There seems an odd attraction towards Chinese-style authoritarianism among certain more technocratic/elitist segments of the left-leaning political elite. On the one hand we have we have people like Thomas Friedman arguing that Chinese one-party-autocracy is more efficient in passing the sort of regulations (“green” energy and nationalized health care) that he cares most about. On the other, we have Harold Meyerson’s claim that China is doing a better job of providing clean political process and economic recovery than the US, and that if Republicans don’t get in line behind Obama’s agenda the rest of the world will resolve to follow China’s autocratic example rather than American-style democracy.
Pertinent to recent discussions of Stupak and the role of the USCCB in advancing the health care bill, Edward Feser offers his reflections on Bart Stupak, the USCCB and the Catholic principle of subsidiarity:
… before the health care bill vote, the USCCB urged Congress either to alter the bill to prevent federal funding of abortion or to vote the bill down. (The USCCB also objected to the bill’s failure to extend coverage to illegal immigrants.) But the letter in which this request was made also emphasized that “for decades, the United States Catholic bishops have supported universal health care,” that “the Catholic Church teaches that health care is a basic human right, essential for human life and dignity,” and that it is only “with deep regret” that the bishops must oppose passage of the bill “unless these fundamental flaws are remedied” (emphasis added).
Needless to say, the impression these words leave the reader with – whether the bishops intended this or not – is that, were abortion (and coverage of illegal immigrants) not at issue, the moral teaching of the Catholic Church would require the passage of the health care bill in question, or something like it. In fact the teaching of the Church requires no such thing. Indeed, I would argue (see below) that while the Church’s teaching does not rule out in principle a significant federal role in providing health care, a bill like the one that has just passed would be very hard to justify in light of Catholic doctrine, even aside from the abortion question. Nevertheless, as I say, the bishops’ language would surely leave the average reader with the opposite impression. And as the bishops themselves remind us, they have “supported universal health care” for “decades,” in statements that also would leave the unwary average reader with the impression that Catholic moral teaching strictly requires as a matter of justice the passage some sort of federal health care legislation. On the day Obama signed the bill into law, Cardinal Francis George, a bishop with a reputation for orthodoxy, urged vigilance on the matter of abortion while declaring that “we applaud the effort to expand health care to all.”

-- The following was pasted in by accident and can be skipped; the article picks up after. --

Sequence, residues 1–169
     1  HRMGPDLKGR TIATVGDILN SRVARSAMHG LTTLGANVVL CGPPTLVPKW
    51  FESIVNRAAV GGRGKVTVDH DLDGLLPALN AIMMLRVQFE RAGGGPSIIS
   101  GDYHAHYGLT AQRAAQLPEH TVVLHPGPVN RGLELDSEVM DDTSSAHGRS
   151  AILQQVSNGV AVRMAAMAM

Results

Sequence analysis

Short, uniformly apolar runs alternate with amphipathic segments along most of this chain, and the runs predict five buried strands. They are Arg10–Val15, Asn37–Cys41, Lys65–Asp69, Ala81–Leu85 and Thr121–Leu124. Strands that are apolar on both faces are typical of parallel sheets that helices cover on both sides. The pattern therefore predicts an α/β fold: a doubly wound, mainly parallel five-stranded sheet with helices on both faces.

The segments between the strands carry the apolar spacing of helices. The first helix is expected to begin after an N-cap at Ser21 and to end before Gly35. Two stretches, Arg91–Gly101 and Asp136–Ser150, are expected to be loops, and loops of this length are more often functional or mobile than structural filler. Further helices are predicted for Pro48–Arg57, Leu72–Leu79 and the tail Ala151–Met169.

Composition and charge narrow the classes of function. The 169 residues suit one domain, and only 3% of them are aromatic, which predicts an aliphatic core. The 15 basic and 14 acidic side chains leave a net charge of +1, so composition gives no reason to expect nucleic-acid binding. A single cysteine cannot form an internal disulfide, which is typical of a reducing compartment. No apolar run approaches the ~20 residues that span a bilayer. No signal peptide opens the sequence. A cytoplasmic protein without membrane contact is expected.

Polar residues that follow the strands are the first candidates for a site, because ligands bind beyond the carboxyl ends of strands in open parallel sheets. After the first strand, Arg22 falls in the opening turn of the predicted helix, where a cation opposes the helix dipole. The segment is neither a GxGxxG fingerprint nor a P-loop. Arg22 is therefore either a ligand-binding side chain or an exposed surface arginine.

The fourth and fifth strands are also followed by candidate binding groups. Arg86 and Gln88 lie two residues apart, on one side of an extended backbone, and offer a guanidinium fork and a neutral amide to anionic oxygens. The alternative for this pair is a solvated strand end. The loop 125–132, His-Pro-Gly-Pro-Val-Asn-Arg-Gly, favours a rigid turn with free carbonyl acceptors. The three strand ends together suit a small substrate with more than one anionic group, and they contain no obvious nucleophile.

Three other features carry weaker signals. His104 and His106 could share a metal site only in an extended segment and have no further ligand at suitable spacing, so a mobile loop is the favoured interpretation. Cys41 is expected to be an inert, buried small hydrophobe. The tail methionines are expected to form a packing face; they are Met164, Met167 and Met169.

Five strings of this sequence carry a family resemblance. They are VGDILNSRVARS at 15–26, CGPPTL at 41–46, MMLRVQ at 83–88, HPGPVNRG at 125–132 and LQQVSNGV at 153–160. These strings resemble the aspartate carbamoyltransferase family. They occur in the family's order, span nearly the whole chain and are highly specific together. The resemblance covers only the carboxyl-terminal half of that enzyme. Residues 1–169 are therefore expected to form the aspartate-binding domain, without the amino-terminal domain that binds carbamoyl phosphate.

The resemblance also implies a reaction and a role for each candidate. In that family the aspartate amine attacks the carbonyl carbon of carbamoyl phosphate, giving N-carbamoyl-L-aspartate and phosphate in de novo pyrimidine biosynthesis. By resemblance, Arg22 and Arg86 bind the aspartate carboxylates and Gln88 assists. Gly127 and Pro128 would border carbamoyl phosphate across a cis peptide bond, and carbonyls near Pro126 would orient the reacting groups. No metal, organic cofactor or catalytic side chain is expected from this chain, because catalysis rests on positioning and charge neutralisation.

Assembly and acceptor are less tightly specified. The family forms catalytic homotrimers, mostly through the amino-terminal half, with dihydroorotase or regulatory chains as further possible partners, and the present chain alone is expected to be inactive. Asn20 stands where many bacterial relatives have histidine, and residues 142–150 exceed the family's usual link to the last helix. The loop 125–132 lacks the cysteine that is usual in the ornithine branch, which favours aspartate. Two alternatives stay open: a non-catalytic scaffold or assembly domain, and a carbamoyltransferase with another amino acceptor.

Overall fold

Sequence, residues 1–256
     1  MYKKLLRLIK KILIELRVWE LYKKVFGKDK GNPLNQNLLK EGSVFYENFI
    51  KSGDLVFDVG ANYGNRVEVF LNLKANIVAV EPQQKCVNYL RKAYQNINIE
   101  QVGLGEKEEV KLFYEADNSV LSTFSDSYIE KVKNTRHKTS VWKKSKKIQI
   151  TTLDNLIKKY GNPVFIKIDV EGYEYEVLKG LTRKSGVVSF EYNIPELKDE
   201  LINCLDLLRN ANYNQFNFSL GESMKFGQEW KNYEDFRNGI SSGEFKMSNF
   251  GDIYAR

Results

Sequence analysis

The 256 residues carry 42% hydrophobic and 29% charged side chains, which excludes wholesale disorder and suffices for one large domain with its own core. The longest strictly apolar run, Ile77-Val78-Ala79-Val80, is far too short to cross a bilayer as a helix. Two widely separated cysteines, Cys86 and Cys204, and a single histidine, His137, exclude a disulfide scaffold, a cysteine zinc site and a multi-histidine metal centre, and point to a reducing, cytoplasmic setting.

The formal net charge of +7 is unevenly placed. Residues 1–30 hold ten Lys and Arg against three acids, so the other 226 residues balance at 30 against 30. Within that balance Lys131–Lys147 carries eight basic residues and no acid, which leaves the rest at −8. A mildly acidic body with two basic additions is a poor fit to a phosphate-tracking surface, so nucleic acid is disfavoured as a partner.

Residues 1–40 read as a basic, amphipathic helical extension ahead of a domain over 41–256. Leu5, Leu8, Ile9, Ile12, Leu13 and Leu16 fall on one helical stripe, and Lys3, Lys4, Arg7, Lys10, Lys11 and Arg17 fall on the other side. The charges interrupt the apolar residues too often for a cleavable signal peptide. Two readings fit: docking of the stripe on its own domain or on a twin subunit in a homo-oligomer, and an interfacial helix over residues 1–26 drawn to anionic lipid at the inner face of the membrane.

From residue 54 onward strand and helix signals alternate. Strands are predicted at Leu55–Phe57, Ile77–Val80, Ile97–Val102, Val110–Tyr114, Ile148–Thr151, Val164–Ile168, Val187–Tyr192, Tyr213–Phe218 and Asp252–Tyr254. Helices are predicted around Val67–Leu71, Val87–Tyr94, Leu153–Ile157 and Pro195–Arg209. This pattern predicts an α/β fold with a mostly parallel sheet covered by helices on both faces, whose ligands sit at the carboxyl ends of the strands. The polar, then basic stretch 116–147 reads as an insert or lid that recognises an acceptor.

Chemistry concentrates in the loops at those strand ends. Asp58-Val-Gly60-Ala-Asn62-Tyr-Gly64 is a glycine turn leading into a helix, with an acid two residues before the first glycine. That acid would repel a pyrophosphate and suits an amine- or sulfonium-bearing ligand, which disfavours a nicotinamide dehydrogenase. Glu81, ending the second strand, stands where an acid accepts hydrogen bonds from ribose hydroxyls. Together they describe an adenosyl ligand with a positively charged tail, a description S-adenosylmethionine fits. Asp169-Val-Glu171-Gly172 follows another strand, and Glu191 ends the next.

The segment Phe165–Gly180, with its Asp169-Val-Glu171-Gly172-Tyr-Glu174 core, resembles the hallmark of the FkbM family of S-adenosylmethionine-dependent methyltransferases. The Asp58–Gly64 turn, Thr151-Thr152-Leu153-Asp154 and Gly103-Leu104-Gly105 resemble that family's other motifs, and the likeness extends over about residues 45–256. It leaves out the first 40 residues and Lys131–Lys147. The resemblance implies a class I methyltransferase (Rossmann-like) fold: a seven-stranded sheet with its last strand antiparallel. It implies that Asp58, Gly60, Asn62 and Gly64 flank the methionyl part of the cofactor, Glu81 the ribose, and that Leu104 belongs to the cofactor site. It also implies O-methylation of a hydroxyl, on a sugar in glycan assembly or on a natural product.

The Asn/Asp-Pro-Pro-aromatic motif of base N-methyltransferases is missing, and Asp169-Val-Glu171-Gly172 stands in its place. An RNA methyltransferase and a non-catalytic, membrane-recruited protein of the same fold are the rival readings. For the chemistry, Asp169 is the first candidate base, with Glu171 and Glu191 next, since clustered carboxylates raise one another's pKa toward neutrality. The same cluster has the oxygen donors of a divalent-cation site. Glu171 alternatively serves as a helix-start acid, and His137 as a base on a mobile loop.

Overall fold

Read the rest!
One of the joys of life for me is stumbling upon an unexpected gem. So it was on Saturday when my family and I were browsing in a Best Buy and came upon the DVD collection of the complete Middleman series. I had never heard of the series, but it seemed to be some sort of comedy science fiction show and it was only $29.00. Recalling the McClarey family shopping motto, “If we don’t like it we can sell it on e-bay.”, we purchased it.
I wasn’t expecting much when I put it on, and I was shocked while watching the pilot. It was startlingly good! Funny, intelligent dialogue, vastly entertaining, the superlatives could go on at some length. I will not give away too much of the series for fear of spoiling it for anyone who has never heard of the series that was briefly on ABC. Think of a funny X-files series that spoofs virtually every science fiction, horror and fantasy theme imaginable. This summary of course does no justice to the series. It is also a sharp satire on contemporary life. Except for a few off-color references it is a clean series fit for family viewing. It is also “adult” in the best sense of the word in scattering throughout the show references to books and movies that are a treat to pick up on. I am surprised that the series survived on ABC Family for 12 episodes. It is far too bright a series for network TV where the base, the obvious and the banal tend to reign supreme.
Enough text, time for videos!
The wit and wisdom of The Middleman: